Traveling With Westies
Contributed By: Sandra J. Crawford
W.H.W.T.C.A. Health Committee
- Before you decide to include your Westie in your travel plans, consider general health, age, travel conditions and special arrangements needed to ensure a pleasant experience for everyone involved.
- Dogs are welcomed at many hotels, motels and parks. Call ahead to inquire and make reservations early. Review requirements to ship your Westie by air.
- Take along your Westie's regular food, medication and water (consider bottled), flea and tick preventative, crate with bedding, leash, collar (and/or exercise pen) and toys. A sudden change in food or water can make your Westie ill.
- Be sure your Westie is current on all vaccinations. If traveling by commercial air, you will need a health certificate from your veterinarian. Take along your Westie's medical records.
- Your Westie should wear a collar with identification and license/rabie tags. Keep your Westie confined in a crate or pet carrier or on leash at all times. If flying, be sure your carrier meets airline specifications for type and size.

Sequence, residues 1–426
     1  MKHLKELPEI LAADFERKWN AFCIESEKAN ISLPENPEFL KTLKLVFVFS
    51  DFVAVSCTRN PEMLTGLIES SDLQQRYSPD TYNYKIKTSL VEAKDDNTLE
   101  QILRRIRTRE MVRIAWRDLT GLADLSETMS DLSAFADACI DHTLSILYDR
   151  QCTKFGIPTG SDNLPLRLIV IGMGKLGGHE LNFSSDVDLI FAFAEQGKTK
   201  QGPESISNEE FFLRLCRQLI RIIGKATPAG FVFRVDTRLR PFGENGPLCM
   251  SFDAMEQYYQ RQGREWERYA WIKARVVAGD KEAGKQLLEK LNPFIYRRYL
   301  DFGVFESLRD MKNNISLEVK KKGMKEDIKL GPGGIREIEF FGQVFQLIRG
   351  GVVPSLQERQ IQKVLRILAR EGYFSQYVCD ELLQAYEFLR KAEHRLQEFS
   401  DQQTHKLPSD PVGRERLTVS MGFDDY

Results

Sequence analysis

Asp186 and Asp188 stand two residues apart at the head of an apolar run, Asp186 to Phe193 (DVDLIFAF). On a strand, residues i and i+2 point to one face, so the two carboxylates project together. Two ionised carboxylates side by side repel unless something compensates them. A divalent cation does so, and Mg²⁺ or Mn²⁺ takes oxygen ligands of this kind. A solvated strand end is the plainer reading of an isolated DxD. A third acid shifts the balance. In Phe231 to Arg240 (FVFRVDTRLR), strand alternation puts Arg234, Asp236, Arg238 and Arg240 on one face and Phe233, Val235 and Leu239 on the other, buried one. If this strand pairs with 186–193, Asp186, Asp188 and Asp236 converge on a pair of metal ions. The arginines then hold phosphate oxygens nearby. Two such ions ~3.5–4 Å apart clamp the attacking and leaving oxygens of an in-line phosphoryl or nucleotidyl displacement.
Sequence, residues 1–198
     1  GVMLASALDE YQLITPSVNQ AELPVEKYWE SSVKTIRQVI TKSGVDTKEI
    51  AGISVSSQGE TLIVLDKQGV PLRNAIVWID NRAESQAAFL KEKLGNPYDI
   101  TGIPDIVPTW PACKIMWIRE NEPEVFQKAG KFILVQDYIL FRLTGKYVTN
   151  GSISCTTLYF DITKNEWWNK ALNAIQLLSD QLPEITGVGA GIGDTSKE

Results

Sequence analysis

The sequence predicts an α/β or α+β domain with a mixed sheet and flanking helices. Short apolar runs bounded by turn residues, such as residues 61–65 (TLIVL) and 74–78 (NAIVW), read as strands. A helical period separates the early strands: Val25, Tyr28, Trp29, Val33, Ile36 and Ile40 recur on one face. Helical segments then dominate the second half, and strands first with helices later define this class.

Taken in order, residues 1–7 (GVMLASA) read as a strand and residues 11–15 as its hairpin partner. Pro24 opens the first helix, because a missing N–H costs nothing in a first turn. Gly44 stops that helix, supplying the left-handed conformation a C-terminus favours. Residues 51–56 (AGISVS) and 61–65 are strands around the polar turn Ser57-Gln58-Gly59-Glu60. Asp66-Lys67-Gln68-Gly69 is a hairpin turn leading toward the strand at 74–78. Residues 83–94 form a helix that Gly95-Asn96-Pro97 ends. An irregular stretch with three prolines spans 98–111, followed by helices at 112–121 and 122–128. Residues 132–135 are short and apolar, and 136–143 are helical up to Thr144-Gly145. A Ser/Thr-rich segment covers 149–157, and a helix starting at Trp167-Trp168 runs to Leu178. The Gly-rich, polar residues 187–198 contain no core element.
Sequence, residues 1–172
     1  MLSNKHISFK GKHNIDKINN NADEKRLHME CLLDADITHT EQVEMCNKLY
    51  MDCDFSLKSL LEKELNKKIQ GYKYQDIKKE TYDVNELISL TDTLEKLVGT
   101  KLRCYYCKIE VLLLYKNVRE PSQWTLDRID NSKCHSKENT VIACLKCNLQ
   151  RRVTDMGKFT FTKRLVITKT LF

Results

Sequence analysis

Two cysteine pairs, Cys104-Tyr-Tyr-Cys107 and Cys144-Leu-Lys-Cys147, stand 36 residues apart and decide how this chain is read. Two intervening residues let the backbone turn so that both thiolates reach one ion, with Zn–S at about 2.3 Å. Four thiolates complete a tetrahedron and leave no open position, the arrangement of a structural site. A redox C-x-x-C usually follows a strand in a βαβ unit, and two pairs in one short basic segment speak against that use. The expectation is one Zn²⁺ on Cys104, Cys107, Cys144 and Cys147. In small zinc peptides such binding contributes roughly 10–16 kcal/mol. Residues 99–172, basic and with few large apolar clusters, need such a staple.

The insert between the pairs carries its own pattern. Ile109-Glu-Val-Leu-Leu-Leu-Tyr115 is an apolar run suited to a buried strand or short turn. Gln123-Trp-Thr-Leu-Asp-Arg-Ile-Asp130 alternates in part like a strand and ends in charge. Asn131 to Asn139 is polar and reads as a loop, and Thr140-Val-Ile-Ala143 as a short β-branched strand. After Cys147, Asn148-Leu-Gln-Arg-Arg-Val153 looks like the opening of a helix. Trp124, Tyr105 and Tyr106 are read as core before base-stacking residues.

- In the car, your Westie should be confined to a pet carrier to ensure the safety and comfort of both driver and dog. Introduce a carrier early in the Westie's life and use it regularly. It protects your Westie in the event of a sudden stop or an accident.
- Never let your Westie ride with his head out the window. While this may be enjoyable to your Westie, foreign objects can injure eyes and ears and in the event of a quick stop or turn, your dog could fall out.
- Place vital information and emergency instructions concerning your Westie's care in a visible place at home, in the car, on your pet carrier and in your wallet or purse to ensure proper care of your Westie in case of accident or illness.
- Keep your Westie on its regular exercise routine. Avoid excessive exercise during weather extremes. Always clean up after your Westie.
- Never leave Westies unattended in parked vehicles. Especially in hot weather, or sunny winter weather, the temperature rises very quickly inside a car, even with the windows cracked. Freezing temperatures in winter can be equally dangerous.
Any information contained on this site relating to training and behavior of Westies is for informational purposes only. The WHWTCA recommends that Westies undergo obedience training. For assistance in locating an obedience training club in your area, please consult the American Kennel Club's website at www.akc.org/events/obedience/getting-started/